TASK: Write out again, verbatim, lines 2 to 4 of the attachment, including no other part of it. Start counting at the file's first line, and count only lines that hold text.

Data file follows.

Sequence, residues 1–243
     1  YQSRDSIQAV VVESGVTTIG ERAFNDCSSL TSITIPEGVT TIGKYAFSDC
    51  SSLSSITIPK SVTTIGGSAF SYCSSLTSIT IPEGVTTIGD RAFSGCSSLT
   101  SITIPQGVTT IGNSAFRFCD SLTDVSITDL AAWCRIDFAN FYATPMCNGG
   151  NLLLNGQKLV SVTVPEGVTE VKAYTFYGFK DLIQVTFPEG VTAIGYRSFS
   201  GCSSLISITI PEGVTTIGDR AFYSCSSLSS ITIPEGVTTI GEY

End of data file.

     1  YQSRDSIQAV VVESGVTTIG ERAFNDCSSL TSITIPEGVT TIGKYAFSDC
    51  SSLSSITIPK SVTTIGGSAF SYCSSLTSIT IPEGVTTIGD RAFSGCSSLT
   101  SITIPQGVTT IGNSAFRFCD SLTDVSITDL AAWCRIDFAN FYATPMCNGG